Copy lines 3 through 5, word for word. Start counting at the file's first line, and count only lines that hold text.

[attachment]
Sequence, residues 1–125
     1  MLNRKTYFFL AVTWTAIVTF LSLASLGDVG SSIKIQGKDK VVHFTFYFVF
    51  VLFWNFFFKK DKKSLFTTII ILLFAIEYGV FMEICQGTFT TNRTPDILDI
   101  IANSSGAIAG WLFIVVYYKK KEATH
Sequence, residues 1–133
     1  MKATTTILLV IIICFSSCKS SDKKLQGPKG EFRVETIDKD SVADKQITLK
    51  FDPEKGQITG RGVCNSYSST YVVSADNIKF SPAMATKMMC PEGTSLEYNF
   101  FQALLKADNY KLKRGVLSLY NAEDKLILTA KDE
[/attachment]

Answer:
    51  VLFWNFFFKK DKKSLFTTII ILLFAIEYGV FMEICQGTFT TNRTPDILDI
   101  IANSSGAIAG WLFIVVYYKK KEATH
Sequence, residues 1–133